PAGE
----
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An odd release for Siltbreeze as it eschews the usual gritty lo-fi underground rock for something a little more esoteric  using unusual sounds in order to create a quite disconcerting sound collage. Letha Rodman-Melchior is the wife of troubadour Dan Melchior but don’t use him as a comparison either as this is a different kettle of yams to his bluesy lo-fi thrash. The album is a relent ...

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Handbook For Mortals by Letha Rodman-Melchoir
2 reviews. Write a review for us »
7/10 Clinton Staff review, 19 December 2013

An odd release for Siltbreeze as it eschews the usual gritty lo-fi underground rock for something a little more esoteric  using unusual sounds in order to create a quite disconcerting sound collage.

Letha Rodman-Melchior is the wife of troubadour Dan Melchior but don’t use him as a comparison either as this is a different kettle of yams to his bluesy lo-fi thrash. The album is a relentless series of found sounds and field recordings. From the eerie whistle on ‘Send in the Clowns’ to the train put through a reverb unit on ‘Bay of Dew’ the album is full of wierd noises such as slowed-down voices, radio static, the sound of people outside doing things. Suddenly, apropos of nothing, a jaunty little tune breaks out on a toy synthesizer before random sax renders the whole thing incomprehensible.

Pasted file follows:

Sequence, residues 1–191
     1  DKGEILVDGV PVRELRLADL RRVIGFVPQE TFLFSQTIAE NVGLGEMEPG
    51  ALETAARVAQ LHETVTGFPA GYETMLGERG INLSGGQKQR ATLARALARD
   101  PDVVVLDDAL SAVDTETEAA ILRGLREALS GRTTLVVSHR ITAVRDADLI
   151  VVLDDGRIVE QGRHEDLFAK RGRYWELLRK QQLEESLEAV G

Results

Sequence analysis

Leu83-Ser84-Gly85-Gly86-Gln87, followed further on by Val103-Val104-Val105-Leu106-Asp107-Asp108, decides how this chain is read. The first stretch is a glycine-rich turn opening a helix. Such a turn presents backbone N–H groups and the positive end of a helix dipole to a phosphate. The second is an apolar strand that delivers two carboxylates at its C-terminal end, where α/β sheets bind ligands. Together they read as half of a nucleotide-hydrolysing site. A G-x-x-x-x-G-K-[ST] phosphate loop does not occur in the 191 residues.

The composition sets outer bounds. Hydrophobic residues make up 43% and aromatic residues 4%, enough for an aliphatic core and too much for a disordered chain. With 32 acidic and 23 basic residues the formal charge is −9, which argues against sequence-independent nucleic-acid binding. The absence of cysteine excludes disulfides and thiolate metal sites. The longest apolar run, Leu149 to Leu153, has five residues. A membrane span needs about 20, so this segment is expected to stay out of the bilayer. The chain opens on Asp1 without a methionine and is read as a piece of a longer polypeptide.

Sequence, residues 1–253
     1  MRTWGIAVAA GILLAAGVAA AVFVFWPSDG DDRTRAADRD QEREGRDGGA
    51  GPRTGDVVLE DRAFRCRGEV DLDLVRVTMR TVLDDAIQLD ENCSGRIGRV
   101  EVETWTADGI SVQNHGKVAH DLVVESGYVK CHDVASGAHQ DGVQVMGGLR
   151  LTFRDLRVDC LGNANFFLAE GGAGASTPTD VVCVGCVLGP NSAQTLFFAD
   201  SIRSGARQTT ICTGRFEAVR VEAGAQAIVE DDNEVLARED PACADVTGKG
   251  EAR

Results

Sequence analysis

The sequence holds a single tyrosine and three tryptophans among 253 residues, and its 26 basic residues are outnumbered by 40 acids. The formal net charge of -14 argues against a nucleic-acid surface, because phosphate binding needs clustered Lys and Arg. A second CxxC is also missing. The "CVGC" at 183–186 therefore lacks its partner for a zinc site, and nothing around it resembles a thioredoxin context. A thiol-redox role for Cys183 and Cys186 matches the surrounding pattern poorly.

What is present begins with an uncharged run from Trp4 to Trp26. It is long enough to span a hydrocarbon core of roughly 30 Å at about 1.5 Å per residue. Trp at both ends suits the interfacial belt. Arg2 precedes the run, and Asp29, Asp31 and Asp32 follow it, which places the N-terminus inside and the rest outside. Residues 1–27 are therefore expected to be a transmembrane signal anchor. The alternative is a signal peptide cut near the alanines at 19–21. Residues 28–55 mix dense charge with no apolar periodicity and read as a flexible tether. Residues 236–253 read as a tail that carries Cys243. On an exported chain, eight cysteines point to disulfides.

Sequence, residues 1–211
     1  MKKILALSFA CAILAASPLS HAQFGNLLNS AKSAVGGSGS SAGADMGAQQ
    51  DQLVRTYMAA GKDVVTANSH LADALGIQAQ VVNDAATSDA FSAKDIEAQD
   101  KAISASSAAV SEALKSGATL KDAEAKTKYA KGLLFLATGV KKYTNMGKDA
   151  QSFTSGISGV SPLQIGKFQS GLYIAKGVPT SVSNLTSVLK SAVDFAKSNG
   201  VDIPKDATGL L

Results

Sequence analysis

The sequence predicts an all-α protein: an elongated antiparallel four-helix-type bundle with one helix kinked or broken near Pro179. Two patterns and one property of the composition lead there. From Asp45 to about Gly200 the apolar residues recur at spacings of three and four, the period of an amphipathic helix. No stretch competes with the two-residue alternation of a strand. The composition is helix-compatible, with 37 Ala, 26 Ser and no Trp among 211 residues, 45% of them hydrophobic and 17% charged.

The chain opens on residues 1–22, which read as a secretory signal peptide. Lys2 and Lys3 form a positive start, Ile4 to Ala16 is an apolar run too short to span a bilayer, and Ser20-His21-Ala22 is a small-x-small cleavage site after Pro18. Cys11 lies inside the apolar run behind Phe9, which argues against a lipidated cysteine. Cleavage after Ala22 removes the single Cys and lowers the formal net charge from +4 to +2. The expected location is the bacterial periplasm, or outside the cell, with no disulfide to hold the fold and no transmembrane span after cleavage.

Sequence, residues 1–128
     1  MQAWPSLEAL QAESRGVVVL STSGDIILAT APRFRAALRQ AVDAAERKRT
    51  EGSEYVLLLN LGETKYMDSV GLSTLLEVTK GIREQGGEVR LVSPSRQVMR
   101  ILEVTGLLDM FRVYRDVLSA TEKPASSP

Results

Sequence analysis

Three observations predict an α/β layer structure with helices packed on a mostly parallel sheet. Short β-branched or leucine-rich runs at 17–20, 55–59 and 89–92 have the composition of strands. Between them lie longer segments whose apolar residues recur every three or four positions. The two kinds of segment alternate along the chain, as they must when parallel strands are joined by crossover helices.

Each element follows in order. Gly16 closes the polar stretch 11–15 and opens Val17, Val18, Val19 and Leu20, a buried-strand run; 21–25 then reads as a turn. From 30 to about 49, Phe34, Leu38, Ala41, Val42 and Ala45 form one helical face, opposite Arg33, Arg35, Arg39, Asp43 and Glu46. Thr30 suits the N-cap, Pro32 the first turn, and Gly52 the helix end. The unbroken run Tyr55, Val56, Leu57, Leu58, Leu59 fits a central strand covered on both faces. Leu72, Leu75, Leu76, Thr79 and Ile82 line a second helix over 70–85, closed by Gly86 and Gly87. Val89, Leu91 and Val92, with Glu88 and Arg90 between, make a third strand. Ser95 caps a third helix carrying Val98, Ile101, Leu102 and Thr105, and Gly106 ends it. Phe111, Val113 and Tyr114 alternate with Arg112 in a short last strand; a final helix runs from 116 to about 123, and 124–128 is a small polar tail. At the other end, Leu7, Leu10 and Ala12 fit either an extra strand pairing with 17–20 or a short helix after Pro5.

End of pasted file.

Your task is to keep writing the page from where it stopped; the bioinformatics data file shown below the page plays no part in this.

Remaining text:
It seems that, not content with making a difficult, slightly disturbing but somehow soothing piece,  Rodman-Melchior is putting things in there (ie the dreaded sax) to make it even more unpalatable to the casual listener. However, each side opens with found piano which is the most musical thing on the platter and the atmospherics that recall some Lynchian nightmare, sounds heard from an open window in a caravan on the edge of a trailer park, near to a mysterious factory. All kinds of spookiness buzzing through the air and being caught by an ever rolling tape recorder. 


9/10 Letha Rodman Melchior Customer review, 20th April 2014

Sorry to correct you, but the unpalatable, dreaded sax is actually a clarinet - played by me; and a lot of the piano is played by me (I don't know how to play - I just do it). But you are right some of the piano field recordings are from the Duke Cancer Clinic I go to. It's fantastic that they have a piano in the lobby that anyone can go on - I like to catch people singing - or playing. Thanks for the stars!


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